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  • Writer's pictureIbukun O

Why returning to "normal" isn’t exciting for many Black employees.

Out of everything to come out of the past year, I didn’t expect crying after an interview to be one of them.

But there I was: lying on my back, exhausted, and a little teary. Interestingly, this was the aftermath of an interview that had gone pretty well. So, what was the problem?

Well, like a lot of us, I’d been working from home for over a year, mainly seeing co-workers through screens, having a flexible schedule, and not being one of a few Black faces in a space for 40+ hours a week.

I didn’t have to dodge curious hands trying to investigate a new hairstyle or overhear the latest discussion on how “ghetto” or “rough” a majority Black area was. I also didn't have to prove that I actually work in my office building to be allowed entry, or be met with blank faces when talking about a film or podcast that was a (Black) cultural moment.

And a simple in-person interview quickly reminded me of all the things I’d forgotten comes with working in an office, and brought back a wave of emotions I hadn’t realised had been absent for a while.

After protests across the globe following the murder of George Floyd, it seemed like there was a reckoning of sorts. Numerous conversations were being had about the negative experiences many Black people face when simply moving through the world. Conversations that previously many of us would have had amongst ourselves, were now being discussed more frequently and acknowledged on a much bigger scale.

And as many offices try to move away from remote working and return to “normal”, the potential to be reimmersed in those negative experiences means many Black employees have real worries about returning to the office.

Research carried out by Future Forum found that 97% of Black workers would prefer to continue with remote working or a hybrid model - allowing them to balance their time between the office and home.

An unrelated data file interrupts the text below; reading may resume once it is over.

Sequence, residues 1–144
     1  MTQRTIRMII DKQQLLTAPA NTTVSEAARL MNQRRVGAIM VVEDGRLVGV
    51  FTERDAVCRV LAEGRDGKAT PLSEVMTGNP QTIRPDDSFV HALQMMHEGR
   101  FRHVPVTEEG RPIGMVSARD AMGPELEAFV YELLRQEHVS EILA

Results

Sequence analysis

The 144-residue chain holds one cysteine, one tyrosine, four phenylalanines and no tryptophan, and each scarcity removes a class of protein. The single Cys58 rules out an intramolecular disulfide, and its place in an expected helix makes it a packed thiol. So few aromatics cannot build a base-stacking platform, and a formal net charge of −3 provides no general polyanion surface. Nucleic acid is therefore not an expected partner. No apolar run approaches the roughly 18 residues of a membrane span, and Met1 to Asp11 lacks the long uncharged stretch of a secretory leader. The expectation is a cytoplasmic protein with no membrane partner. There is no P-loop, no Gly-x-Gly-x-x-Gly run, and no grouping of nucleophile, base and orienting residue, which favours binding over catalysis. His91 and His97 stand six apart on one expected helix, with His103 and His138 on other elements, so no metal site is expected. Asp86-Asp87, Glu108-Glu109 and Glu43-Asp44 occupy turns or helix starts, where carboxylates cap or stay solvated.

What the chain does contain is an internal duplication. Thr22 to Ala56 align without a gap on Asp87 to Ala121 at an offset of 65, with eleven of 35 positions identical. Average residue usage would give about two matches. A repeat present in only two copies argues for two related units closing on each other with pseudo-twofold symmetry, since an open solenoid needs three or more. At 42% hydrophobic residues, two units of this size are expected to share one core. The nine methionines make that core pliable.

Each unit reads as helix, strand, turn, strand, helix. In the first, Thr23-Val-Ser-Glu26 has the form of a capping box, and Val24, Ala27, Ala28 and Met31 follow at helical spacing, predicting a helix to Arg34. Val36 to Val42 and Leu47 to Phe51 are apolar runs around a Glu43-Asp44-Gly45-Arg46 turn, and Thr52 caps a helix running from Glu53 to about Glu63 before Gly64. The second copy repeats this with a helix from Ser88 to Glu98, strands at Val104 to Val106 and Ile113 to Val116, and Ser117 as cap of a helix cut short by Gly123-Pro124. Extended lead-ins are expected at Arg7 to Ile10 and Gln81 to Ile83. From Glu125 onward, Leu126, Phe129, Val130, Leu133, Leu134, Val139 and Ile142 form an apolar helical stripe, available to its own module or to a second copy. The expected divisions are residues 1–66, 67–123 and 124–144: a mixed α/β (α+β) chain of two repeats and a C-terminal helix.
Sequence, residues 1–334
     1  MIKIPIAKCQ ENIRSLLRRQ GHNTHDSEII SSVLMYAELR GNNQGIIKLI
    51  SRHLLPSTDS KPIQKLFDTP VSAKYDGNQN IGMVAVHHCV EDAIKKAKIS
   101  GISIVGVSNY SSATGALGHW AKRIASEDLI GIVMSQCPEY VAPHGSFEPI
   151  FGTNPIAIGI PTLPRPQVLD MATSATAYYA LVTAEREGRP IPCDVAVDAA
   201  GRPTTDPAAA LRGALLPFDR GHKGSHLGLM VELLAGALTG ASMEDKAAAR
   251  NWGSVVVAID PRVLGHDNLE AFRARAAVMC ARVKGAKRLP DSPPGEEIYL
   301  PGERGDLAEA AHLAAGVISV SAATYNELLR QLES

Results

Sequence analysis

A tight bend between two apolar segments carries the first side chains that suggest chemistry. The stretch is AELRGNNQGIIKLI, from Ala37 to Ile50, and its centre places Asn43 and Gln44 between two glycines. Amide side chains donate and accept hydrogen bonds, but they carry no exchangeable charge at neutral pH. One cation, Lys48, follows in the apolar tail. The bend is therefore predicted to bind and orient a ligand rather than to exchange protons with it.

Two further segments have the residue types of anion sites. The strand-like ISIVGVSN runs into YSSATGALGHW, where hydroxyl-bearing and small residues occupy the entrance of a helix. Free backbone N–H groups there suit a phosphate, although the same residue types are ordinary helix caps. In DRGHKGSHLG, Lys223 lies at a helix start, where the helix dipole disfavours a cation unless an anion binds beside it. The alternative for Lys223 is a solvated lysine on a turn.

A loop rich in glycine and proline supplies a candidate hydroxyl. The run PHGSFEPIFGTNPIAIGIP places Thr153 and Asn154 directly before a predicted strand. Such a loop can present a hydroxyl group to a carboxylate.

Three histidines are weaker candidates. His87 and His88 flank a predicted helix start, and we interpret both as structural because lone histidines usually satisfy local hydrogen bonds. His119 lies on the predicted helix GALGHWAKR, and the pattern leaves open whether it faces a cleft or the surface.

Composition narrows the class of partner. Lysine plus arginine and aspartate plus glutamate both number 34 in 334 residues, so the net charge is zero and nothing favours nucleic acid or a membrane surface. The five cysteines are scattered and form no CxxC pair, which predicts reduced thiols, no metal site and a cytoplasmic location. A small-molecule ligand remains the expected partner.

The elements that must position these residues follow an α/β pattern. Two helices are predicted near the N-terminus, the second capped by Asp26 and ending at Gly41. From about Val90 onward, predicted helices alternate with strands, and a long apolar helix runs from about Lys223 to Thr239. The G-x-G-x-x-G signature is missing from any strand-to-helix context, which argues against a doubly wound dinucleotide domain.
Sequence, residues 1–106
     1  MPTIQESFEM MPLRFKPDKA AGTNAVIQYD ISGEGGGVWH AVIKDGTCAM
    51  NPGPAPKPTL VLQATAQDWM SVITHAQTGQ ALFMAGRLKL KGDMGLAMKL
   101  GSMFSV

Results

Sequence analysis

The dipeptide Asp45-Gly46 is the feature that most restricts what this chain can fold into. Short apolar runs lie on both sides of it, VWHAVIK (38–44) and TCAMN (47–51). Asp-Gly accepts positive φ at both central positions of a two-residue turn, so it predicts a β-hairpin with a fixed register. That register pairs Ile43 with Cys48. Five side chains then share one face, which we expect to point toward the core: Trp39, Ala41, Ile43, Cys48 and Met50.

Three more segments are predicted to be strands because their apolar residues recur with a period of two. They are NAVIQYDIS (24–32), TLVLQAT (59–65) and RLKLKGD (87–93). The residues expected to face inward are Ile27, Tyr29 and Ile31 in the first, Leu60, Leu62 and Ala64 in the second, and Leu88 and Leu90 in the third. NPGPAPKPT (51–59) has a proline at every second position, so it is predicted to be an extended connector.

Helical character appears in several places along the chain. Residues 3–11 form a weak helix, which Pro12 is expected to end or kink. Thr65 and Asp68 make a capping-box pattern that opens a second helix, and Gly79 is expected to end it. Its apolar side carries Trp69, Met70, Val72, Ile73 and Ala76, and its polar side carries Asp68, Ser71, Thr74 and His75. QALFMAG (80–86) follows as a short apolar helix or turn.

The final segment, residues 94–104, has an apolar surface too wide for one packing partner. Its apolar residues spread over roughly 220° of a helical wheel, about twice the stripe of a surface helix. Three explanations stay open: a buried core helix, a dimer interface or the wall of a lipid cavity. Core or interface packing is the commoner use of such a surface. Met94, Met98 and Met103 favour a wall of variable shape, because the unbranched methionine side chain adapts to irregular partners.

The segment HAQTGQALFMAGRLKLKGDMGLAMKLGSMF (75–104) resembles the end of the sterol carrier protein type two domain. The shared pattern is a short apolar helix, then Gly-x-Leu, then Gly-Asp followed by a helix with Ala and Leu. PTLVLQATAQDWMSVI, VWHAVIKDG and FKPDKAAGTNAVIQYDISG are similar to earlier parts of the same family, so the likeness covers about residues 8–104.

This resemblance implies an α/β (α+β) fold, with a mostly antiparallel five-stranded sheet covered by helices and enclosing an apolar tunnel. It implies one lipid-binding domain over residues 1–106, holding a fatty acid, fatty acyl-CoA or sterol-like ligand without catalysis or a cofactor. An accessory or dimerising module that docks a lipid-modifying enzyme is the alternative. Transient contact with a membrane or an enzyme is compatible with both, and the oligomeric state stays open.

And when asked if they wanted to return to the workplace full time, only 3% of Black employees said yes, whereas 21% of white workers were eager to get back.

This is not surprising when we consider that a lot of offices are majority white, so there is a greater sense of belonging for white employees, and less additional labour that white employees undertake to be heard or understood.

Whereas many Black professionals can often find themselves as the only Black person or person of colour in the office, which can mean that along with their actual job they are often tasked with being the “representative”, combating microaggressions or outright racist interactions, and feeling the pressure to code-switch or assimilate.

If this is what “normal” looks like, why would they want to get back to it?

For many Black employees, being away from this environment and still being able to fulfil their work duties, has proven that these negative experiences don’t just have to be a given part of work-life.

But being out of the office didn’t necessarily mean a complete eradication of microaggressions. For some, video conferencing gave co-workers a look into their homes and home attire, leading to a whole new range of comments and discussions on what is deemed “professional” or “appropriate”.

Clearly, just letting people work from home or pushing to get things back to “normal” is not enough. “Normal” was not working for many people pre-Covid, and trying to repackage things into a “new normal” just leaves room for the same issues in new, flashy, buzz-wordy boxes.

According to Future Forum, it ‘isn’t about simply giving Black employees the ability to work from home, while white executives return to old habits. Workplaces need to make sure they are enacting actual change while also embracing the flexible ways people want to work.

Though I still prefer remote working - being able to shut your laptop and yell into the void after a frustrating meeting is unmatched - it’s clear that if no real effort is being made to create actual diverse and inclusive work environments, Black employees are still at risk of dealing with the same pre-Covid work culture wherever their laptop is set up.


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